A detective has been acquitted of forging a letter from the Director of Public Prosecutions in relation to the investigation of a priest accused of sexual abuse.
etective Garda Catherine McGowan (48), who is based at Bray Garda Station, had pleaded not guilty to one count of forgery on January 15, 2009 at Bray Garda Station and two counts of using a false instrument at Bray Garda Station and at Harcourt Street Garda Station between June 21 and 22, 2011.
The instrument was alleged to have been a letter from the office of the Director of Public Prosecutions (DPP), dated January 14, 2009.
After a 14 day trial a jury of six men and six women took just under four hours to return unanimous verdicts of not guilty on all three counts.
The State had alleged that Gda McGowan had forged the letter to “hoodwink” gardaí who were reviewing whether she had acted properly in investigating allegations of sexual abuse by a priest of a teenage girl.
The investigation of Gda McGowan’s handling of the case was prompted by the publication of the Murphy Report which investigated clerical sexual abuse in the Dublin area. The priest in Gda McGowan’s case was one of the clerics mentioned in the report.
The jury heard evidence of a copy of a letter, supposedly from the DPP, which directed that a prosecution of the priest would be “impossible” because of “conjecture” in the alleged victim’s statement.
“This document is not genuine, it is a bogus document,” prosecuting counsel Alex Owens SC said. “It is a copy of an original that never existed.”
The State claimed that Gda McGowan never sent the case file to anyone including the DPP, Chief State Solicitor or her superintendent.
Patrick Marrinan SC, defending, said that exhaustive inquiries by gardaí had failed to establish any link between Gda McGowan and the priest which might provide some a motive for her to tell people in 2009 that the DPP had directed no prosecution against the cleric.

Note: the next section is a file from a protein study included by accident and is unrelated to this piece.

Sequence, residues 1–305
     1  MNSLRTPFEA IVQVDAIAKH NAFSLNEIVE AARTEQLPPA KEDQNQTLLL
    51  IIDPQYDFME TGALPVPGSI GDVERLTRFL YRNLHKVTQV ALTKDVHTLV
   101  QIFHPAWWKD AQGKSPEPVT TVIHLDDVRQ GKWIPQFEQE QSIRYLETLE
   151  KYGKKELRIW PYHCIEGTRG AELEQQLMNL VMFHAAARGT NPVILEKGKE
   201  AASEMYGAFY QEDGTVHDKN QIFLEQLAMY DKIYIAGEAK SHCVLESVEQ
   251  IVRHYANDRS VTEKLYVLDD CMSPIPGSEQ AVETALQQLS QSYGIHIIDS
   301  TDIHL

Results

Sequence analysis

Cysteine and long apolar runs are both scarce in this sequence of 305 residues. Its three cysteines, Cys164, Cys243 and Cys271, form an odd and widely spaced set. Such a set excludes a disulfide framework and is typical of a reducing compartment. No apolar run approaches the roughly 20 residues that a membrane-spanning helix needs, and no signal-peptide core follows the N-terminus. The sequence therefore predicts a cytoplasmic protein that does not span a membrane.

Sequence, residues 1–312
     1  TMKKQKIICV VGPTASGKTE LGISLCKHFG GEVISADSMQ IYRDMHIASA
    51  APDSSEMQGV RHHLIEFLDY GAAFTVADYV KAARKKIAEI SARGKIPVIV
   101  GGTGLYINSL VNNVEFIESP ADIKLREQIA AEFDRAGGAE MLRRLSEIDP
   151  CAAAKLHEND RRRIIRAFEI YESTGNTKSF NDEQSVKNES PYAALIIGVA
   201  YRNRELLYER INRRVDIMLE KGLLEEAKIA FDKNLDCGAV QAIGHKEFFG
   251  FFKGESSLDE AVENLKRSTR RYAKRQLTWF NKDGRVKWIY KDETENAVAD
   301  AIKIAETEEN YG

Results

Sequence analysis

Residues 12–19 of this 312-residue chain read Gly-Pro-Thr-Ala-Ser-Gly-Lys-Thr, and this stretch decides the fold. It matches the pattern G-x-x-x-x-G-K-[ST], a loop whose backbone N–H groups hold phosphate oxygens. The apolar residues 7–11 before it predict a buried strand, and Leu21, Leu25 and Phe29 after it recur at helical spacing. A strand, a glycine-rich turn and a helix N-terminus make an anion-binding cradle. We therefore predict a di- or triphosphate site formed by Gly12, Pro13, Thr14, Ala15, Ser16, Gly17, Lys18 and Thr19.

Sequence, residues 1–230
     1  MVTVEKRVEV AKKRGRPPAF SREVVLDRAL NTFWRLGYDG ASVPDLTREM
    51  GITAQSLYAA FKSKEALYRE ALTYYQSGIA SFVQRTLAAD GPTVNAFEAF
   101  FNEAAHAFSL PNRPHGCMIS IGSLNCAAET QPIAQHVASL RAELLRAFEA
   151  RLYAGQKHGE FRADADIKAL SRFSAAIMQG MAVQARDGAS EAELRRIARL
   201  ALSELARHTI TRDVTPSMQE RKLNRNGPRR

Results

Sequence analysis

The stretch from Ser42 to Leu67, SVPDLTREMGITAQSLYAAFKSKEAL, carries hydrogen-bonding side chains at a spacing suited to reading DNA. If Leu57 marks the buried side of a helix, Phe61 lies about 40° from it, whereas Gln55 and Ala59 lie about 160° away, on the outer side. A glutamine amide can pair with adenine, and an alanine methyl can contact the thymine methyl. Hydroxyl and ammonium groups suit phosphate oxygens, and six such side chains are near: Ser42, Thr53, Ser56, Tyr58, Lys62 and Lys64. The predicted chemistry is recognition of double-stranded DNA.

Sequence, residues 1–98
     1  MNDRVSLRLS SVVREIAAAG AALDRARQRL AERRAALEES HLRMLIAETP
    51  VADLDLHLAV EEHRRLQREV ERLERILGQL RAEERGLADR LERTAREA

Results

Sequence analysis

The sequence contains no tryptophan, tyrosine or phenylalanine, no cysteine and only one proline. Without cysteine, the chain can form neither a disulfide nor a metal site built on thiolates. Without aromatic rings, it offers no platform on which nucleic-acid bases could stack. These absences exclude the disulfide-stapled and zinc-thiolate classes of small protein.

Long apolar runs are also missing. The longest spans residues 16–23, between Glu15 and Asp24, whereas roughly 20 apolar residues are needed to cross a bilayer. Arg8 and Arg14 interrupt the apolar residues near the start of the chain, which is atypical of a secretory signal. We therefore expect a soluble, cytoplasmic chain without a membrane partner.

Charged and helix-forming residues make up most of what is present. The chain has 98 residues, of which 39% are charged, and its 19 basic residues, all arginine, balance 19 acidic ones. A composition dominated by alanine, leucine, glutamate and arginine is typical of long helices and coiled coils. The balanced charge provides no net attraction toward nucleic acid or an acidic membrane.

He said that there was no evidence to suggest that his client was anything other than diligent in her handling of the allegation against the priest.
“She had taken out all the investigative techniques one would expect,” he said.
Mr Marrinan described the filing system at the station as “fairly haphazard” and gave a photograph of a storeroom at the garda station to members of the jury. Mr Marrinan also said that thirty percent of files requested in a Garda Professional Standards Unit review of the station could not be found.
Sergeant Diane Swift told the jury that a special task force was set up in the aftermath of the Murphy Report by the garda commissioner to investigate how sex abuse cases were handled by the church and state authorities.
Sgt Swift said the unit, which was based in Harcourt Square, investigated allegations in relation to 46 priests named in the Murphy report and that she was assigned one priest who had 500 documents relating to allegations against him.
Sgt Swift said she contacted one of the alleged victims who said she was sexually abused by the priest for three years from when she was 16.
The sergeant said she contacted Gda McGowan who said she was still working on the case but “that it was going nowhere anyway.” The accused allegedly later told Sgt Swift that she believed the complainant was 18 years old at the time of the sexual encounters.
Sgt Swift said the accused told her she was “satisfied there was no cover up” in the case and that the complainant had not told anyone about the abuse at the time.
The sergeant requested the investigative file from the case and any directions that had been received from the DPP. The accused said she would get them to her and after several delays she received the documentation.
Sgt Swift told counsel that she received statements relating to the abuse case and a photocopy of a letter purporting to be from the office of the DPP.
The witness said the letter read: “Dear Sir, I (illegible) to yours. In (illegible) the statement of the complainant…could not possibly form the basis of a prosecution given that the complainant’s allegation of rape is only conjecture.”
The letter was signed by a person with the title of “professional officer”.